HAMP Modification to Include Principal Writedowns

The Home Affordable Modification Program will make further attempts to extend relief to struggling homeowners, the administration announced last week, by tripling the incentive for banks to conduct principal writedowns as well as offering those incentives to Fannie and Freddie—should FHFA allow the GSEs to partake in the program.

FHFA will not allow Fannie and Freddie to engage in any HAMP-related princpal forgiveness program at this point, with the agency's Acting Director Edward DeMarco citing a preference for principal forbearance. That assertion was called into question by HUD Secretary Shaun Donovan in a conference call when he placed an emphasis on rebuilding equity: “Lowering payments isn't enough.” FHFA will reportedly take HAMP's latest incentives into consideration.

The move comes as HAMP, while having helped roughly 900,000 homeowners achieve permanent loan mods, has fallen far short of its stated goal at its 2009 launch of modifying three to four million loans by now. A post on HUD's blog, however, places HAMP at the center of public and private modifcation efforts, helping to “set the industry standard for successful modifications and have helped prompt private lenders to modify an additional 2.6 million mortgages.” The article states that more than 4.6 million Americans have received mortgage aid since HAMP's launch.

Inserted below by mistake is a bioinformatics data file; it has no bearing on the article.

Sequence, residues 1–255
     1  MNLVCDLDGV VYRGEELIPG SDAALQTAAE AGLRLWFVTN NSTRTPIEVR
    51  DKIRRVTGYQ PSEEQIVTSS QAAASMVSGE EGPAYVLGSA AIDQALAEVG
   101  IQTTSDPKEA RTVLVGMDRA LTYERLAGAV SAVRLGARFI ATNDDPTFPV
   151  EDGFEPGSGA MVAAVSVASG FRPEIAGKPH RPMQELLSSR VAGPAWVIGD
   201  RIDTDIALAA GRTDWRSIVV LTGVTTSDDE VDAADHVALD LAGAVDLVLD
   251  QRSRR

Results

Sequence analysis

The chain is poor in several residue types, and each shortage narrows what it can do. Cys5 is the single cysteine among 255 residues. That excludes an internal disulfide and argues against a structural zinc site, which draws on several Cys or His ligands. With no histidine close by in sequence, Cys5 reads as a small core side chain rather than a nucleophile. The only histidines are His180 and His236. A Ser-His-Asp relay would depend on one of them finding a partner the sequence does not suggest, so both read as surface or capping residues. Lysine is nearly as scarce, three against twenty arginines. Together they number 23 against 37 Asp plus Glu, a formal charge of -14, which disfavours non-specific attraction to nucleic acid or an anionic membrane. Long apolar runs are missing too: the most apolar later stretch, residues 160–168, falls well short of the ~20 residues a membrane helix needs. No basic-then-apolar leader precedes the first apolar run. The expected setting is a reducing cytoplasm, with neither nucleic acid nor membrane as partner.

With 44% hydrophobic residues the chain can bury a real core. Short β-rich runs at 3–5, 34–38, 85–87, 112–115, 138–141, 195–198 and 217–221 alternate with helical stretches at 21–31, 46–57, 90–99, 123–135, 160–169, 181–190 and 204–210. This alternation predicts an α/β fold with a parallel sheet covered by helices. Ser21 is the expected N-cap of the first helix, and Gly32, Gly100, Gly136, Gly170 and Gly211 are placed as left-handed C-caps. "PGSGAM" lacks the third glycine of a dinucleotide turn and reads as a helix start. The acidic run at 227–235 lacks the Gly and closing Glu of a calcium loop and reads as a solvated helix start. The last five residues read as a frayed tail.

Other changes to HAMP include expanding the program's eligilibility for tenant-occupied properties.

But do these moves come too late? Banks have not been as eager to take part in HAMP as the administration had hoped. Ira Rheingold, executive director of the National Association of Consumer Advocates questioned the efficacy of so-called HAMP 2.0 in the Huffington Post:

“The fact is, the banks have done a terrible job complying with the program. Today, we're seeing the same problems as three years ago—they lose people's documents, they wrongly push people into foreclosure. And the Treasury Department hasn't held them accountable for their failures. So even if you expand the incentives, until you make the banks comply, we're going to see these problems.”

See a full list of HAMP changes here.

Matthew Brian Hersh served as senior editor at Shelterforce from March 2008 to October 2012. He studied English at Rutgers University and has spent his professional career in journalism, policy, and politics.


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